Being a beginner in golf is truly a unique place. Golf is arguably one of the hardest sports to learn and play at a high level, so beginner mistakes are the rule rather than the exception.
If you’ve already taken up the game, remember that time you hit a beautiful long straight drive? Or remember the first time you sank that putt from 35 feet? Those kinds of adrenaline rush are what makes golf really unique, and addicting on its own.
As a beginner, there are a lot of things you will need to focus on improving, yet you shouldn’t be intimidated with all the difficult jargon and techniques used during the game. In the end, what you really need to focus on boils down to just three main areas.
First is the long drive. You will need to improve your swing speed to be able to get your clubhead speed to at least 70 miles per hour, building both control and dexterity to finally hit that 100 mph mark for males, or 80-90 mph for female players.
Second is improving your short game accuracy, from high wedge shots to perfecting your shots with the irons.
Third, of course, is the putting game.
If you truly focus on those three key topics, your dedication will surely pay off in the long run.
Yet, even with proper determination and focus, there are a lot of common mistakes a lot of beginners make that hinder their progression as players.
Today we will discuss five of the most common mistakes beginners make in golf, how they may affect your game, and how you can improve your bad habits with simple and easy to use approaches. Many of my students improve by simply fixing one or more of these mistakes, so I felt that it’s important to first address whether you are doing these mistakes before we move on to any other topics.
Remember, that the first step to improving is to admit your mistakes, so even if you think you don’t make the same mistake, read along — you might gain some new insights.
Mistake 1: Improperly Fit Clubs
It is very important to get clubs that are properly fitted to your current skill level, swing speed, accuracy, and many other factors.
Perhaps you find a set on sale online, a great bargain. At the other end of the spectrum, you might think that buying the most expensive, high-end club set a lot of PGA Tour players use will guarantee to improve your game.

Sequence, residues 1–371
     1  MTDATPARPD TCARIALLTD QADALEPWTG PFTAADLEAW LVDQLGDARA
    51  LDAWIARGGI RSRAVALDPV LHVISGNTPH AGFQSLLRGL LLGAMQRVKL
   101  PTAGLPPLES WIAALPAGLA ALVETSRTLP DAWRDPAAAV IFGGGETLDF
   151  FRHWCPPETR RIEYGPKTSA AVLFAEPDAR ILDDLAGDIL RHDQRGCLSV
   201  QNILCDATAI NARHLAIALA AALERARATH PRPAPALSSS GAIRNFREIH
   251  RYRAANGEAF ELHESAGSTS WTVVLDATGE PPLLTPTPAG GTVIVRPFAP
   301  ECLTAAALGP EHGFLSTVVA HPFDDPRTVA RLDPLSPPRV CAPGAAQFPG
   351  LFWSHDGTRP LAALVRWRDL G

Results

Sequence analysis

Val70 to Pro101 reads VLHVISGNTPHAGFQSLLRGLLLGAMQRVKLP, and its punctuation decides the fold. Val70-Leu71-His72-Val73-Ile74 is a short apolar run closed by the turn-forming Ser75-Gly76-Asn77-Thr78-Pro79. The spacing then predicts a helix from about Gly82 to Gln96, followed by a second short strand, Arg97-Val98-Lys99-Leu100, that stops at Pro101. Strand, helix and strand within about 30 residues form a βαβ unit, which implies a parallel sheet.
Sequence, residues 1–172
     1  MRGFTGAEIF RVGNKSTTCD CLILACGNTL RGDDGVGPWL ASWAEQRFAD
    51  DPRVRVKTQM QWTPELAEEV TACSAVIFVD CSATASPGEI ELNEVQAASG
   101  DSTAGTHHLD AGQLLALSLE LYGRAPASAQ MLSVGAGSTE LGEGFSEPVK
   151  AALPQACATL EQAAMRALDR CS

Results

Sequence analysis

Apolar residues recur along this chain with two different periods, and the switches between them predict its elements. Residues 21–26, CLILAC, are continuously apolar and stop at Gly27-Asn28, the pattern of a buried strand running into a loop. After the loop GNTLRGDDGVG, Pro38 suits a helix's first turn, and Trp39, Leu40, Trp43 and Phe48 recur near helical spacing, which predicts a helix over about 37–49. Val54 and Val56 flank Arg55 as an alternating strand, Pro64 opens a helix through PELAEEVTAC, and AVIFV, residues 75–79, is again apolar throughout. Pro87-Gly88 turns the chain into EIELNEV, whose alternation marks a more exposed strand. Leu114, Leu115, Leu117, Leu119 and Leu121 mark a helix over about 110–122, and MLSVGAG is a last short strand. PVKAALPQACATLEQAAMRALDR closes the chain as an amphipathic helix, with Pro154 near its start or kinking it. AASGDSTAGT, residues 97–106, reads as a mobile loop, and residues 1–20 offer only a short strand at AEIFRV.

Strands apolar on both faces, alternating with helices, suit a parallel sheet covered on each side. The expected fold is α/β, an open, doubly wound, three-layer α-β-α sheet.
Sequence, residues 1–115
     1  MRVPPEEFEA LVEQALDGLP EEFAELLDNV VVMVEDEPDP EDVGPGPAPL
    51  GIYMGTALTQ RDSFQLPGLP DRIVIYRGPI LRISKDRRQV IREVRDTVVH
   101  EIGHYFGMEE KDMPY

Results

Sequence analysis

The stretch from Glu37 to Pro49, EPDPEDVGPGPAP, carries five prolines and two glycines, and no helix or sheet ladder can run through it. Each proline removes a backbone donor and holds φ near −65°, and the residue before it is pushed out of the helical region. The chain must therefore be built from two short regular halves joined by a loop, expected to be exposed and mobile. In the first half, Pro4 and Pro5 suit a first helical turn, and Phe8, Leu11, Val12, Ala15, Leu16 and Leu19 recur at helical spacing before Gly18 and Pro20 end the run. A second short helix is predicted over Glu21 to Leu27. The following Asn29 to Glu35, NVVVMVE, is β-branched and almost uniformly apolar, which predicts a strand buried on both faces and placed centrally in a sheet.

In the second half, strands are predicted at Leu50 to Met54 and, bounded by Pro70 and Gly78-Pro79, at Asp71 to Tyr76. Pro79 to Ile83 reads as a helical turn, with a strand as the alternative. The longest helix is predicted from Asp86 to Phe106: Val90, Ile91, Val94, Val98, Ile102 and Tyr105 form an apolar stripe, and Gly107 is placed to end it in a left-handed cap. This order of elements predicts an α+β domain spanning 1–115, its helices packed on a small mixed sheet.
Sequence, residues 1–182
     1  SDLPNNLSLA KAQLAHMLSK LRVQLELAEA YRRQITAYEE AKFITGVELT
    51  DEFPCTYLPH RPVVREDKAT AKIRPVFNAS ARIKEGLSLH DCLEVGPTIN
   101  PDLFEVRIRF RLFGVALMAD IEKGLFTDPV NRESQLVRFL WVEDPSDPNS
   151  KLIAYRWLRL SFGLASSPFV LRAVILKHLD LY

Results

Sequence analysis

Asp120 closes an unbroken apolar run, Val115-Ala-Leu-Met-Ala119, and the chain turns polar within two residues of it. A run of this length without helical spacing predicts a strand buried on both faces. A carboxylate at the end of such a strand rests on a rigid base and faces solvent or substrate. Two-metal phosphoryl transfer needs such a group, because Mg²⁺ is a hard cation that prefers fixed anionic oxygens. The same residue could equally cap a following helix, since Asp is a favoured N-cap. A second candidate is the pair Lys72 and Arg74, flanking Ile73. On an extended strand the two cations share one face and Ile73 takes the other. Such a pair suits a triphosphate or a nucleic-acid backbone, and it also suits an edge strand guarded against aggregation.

If you keep having troubles with your swing, the first thing you should check is whether your clubs are a good fit for you. Also, if you hit a wall in improving your game, it’s a good time to upgrade your clubs.
In most of the cases, golf clubs will always have two different spectrums: forgiveness vs control. A forgiving club will usually come at the sacrifice of shot-shaping control, and vice versa. As a beginner, you would want to have the right amount of forgiveness in your clubs. Besides getting better, we still want the occasional moments of greatness, and that’s why club forgiveness is important.
Another common mistake is using the wrong shaft. Often overlooked, having the right shaft can significantly improve your swing.
A lot of articles here at Golf Tips Magazine have also discussed how to choose the proper club for your game. You might for example want to check this page on golf drivers.
Mistake 2: Having The Wrong Learning Approach
Yes, there is fun in learning a lot of things by yourself, and being self-taught surely has its own merits. You might also think that with the more accessible information from YouTube or Google nowadays, it’s not necessary to get a professional help.
However, one thing you should remember is that golf is a very diverse game, and there will be a lot of different philosophies and approaches from different people. Jumping from one video to another, or one tip to another might confuse your focus, and ends up delaying your progress.
It doesn’t have to be a lesson with professional trainers, which, I will admit, could be too expensive for many players. If you have issues with budget, you can ask for the help of a knowledgeable friend or family member. Online lessons or videos are definitely an option, but remember, it’s better to stick to one plan and take a step by step approach.
Having your lessons from a professional trainer, or even better, a certified PGA professional certainly has its advantages. They can improve your individual game with a personalized approach, fixing your weaknesses and emphasizing your strengths as you go.
It is also generally better to have a trainer as early as possible before you accumulate bad habits. Remember the old sayings: old habits die hard, and it’s a lot easier to build good habits from the early stage rather than fixing your bad ones.
It’s important to have a learning plan and stick to it, and unless you can get that plan going in your self-taught approach, it is better to get help from others.
Mistake 3: Maintaining Your Club’s Grooves
Ever got that hit when you are 100% sure it’s well-struck with applied backspin, but the ball simply lands without any spin? Yes it might be the ball, yes it might be your club, and yes, it might be your technique. But before you look further, check the grooves of your club whether it is properly neat and clean.